Mozilla claims Google Floc doesn't protect privacy

Mozilla Doesn’t Trust Google’s Floc

Mozilla claims Google Floc doesn't protect privacy
Google’s new privacy sandbox doesn’t protect properly

According to the popular Mozilla company, Google Floc is a flop and unsecured premise privacy sandbox that does not protect the privacy and could lead to the serious risks.

What is Floc Originally?

FLoC is premised on a compelling idea: enable ad targeting without exposing users to risk, says Eric Rescorla, author of the TLS standard and the chief technology officer of Mozilla.

Several privacy properties in the current design could result in significant risks if widely implemented in its current form.

FLoC stands for Federated Learning of Cohorts, a initiative that seeks to develop alternative solutions to satisfy cross-site use cases without resorting to third-party cookies or opaque tracking mechanisms.

It enables marketers to guess users’ interests without requiring individual identification, eliminating the privacy implications of targeted advertising. Currently, targeted advertising relies on techniques such as tracking cookies and device fingerprinting that reveal users’ browsing history across websites to advertisers and ad networks.

What Else Does It Do?

FLoC avoids the cookie by using a new “cohort” identifier that buckets users by their similar browsing behaviors.

This information can be aggregated by advertisers to build a list of websites that users in a cohort visit, rather than using the visits made by the specific user, and then advertisers can target ads based on the cohorts’ interests.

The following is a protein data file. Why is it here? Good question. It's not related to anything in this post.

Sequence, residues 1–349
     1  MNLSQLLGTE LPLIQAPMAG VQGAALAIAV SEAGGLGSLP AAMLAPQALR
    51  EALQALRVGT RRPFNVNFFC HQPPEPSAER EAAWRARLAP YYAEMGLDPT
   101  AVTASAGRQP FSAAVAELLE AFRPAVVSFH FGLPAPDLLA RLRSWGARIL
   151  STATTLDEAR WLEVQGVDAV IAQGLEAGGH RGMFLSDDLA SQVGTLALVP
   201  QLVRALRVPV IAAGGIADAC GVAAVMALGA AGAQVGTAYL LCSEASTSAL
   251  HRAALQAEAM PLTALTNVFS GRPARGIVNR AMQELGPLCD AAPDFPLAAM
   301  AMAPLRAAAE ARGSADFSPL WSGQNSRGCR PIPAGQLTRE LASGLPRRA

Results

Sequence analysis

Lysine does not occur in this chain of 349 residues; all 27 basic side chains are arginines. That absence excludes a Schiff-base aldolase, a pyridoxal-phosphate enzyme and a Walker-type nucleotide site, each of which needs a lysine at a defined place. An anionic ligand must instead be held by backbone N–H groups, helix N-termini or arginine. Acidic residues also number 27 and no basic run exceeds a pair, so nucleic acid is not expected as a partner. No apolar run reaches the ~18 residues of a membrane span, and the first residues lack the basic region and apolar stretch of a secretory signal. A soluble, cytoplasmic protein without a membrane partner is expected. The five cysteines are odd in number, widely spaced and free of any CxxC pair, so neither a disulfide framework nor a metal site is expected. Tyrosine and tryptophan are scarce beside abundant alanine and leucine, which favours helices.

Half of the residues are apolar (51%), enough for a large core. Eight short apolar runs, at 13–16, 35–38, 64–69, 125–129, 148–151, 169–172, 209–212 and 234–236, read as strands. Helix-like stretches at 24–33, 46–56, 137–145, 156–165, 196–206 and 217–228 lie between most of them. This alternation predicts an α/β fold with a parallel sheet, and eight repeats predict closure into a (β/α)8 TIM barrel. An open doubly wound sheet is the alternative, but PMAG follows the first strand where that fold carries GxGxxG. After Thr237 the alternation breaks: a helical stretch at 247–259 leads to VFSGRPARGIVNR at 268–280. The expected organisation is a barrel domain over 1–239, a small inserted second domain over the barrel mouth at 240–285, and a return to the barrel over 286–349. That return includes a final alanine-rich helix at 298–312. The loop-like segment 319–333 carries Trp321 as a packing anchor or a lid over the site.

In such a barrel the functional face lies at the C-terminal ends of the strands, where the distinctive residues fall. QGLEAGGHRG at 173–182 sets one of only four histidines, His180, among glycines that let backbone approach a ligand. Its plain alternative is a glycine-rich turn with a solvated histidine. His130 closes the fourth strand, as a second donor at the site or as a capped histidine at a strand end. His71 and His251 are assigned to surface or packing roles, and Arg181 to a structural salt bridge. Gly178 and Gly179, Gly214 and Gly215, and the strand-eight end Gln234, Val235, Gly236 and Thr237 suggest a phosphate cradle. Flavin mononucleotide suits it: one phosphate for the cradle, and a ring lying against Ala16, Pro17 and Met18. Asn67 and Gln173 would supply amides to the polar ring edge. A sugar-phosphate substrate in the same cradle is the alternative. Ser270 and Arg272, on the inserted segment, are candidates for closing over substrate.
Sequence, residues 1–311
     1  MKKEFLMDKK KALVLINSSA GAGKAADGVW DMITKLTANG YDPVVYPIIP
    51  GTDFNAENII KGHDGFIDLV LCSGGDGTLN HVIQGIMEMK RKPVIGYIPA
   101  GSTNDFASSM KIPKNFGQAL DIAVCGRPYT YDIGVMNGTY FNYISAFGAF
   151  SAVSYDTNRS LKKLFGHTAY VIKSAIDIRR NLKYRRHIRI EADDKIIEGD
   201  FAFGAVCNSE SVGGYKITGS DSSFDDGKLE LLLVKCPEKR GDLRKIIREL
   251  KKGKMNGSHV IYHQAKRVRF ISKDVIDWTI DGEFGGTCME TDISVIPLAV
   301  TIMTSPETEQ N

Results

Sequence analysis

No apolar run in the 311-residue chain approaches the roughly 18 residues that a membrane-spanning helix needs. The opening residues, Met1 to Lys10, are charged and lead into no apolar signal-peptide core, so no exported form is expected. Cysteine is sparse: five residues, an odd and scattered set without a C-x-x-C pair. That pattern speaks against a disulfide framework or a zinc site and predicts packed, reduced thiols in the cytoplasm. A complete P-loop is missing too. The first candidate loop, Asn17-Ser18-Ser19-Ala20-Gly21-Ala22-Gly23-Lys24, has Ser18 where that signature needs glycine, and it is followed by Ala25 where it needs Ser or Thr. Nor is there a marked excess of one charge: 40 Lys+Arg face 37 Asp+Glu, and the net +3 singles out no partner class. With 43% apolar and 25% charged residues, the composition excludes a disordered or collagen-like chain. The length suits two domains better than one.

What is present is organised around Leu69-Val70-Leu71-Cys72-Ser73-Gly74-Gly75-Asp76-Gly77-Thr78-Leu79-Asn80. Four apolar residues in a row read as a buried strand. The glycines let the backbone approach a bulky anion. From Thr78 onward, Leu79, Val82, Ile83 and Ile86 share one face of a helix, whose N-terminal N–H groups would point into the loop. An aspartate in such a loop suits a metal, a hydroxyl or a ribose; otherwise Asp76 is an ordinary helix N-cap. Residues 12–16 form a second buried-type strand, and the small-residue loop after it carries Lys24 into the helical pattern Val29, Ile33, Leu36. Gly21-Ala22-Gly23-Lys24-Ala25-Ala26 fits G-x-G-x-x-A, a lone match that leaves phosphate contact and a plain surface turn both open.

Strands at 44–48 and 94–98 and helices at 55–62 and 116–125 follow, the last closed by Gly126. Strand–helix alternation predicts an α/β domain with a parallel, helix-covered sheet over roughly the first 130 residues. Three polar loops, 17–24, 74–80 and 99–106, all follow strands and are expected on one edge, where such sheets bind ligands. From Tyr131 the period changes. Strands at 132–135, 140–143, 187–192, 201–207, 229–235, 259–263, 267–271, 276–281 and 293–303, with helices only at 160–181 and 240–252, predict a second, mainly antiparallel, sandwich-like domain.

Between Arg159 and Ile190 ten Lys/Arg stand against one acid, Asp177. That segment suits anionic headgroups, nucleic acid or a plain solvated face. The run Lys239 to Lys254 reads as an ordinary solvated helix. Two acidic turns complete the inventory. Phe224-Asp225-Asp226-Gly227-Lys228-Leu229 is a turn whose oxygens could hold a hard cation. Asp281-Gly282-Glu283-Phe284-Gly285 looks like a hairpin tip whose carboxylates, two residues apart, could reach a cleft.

What Does Mozilla Have To Say about Floc?

Mozilla said that FLoC profiles can provide additional information about the FLoC as a whole. Taking into account the individual profiles, we can make generalizations about the FLoC cohort as a whole.”

In addition, the cohort IDs assigned to users are recalculated on the device weekly, which is intended to reflect their evolving interests over time and prevent them from being used as persistent identifiers to track users.

At some point next year, Google plans to replace third-party cookies with FLoC in its Chrome browser as an origin trial.


This conclusion is supported by Mozilla’s FLoC analysis. Even though a few thousand users share a cohort ID, it is possible to narrow down the list of users very quickly using fingerprinting data and the periodically recalculated cohort IDs as an easy way to differentiate users from one to the next. 

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